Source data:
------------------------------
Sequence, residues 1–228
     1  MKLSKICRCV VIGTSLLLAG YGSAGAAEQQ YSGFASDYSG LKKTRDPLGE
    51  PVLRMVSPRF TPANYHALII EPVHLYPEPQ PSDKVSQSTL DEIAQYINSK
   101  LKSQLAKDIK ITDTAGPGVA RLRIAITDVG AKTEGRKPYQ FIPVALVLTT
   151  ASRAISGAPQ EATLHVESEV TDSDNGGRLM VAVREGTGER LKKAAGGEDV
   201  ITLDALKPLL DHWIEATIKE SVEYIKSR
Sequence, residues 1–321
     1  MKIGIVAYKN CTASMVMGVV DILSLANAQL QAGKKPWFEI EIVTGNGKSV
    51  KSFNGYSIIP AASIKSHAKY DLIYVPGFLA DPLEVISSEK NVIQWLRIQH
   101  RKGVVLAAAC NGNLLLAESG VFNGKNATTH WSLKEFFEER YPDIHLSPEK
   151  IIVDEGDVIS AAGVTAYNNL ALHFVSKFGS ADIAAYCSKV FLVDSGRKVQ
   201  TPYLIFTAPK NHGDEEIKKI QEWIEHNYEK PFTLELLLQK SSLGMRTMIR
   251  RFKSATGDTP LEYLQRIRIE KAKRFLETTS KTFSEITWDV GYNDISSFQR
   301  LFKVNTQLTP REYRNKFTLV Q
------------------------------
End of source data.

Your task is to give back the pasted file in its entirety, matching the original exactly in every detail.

Sequence, residues 1–228
     1  MKLSKICRCV VIGTSLLLAG YGSAGAAEQQ YSGFASDYSG LKKTRDPLGE
    51  PVLRMVSPRF TPANYHALII EPVHLYPEPQ PSDKVSQSTL DEIAQYINSK
   101  LKSQLAKDIK ITDTAGPGVA RLRIAITDVG AKTEGRKPYQ FIPVALVLTT
   151  ASRAISGAPQ EATLHVESEV TDSDNGGRLM VAVREGTGER LKKAAGGEDV
   201  ITLDALKPLL DHWIEATIKE SVEYIKSR
Sequence, residues 1–321
     1  MKIGIVAYKN CTASMVMGVV DILSLANAQL QAGKKPWFEI EIVTGNGKSV
    51  KSFNGYSIIP AASIKSHAKY DLIYVPGFLA DPLEVISSEK NVIQWLRIQH
   101  RKGVVLAAAC NGNLLLAESG VFNGKNATTH WSLKEFFEER YPDIHLSPEK
   151  IIVDEGDVIS AAGVTAYNNL ALHFVSKFGS ADIAAYCSKV FLVDSGRKVQ
   201  TPYLIFTAPK NHGDEEIKKI QEWIEHNYEK PFTLELLLQK SSLGMRTMIR
   251  RFKSATGDTP LEYLQRIRIE KAKRFLETTS KTFSEITWDV GYNDISSFQR
   301  LFKVNTQLTP REYRNKFTLV Q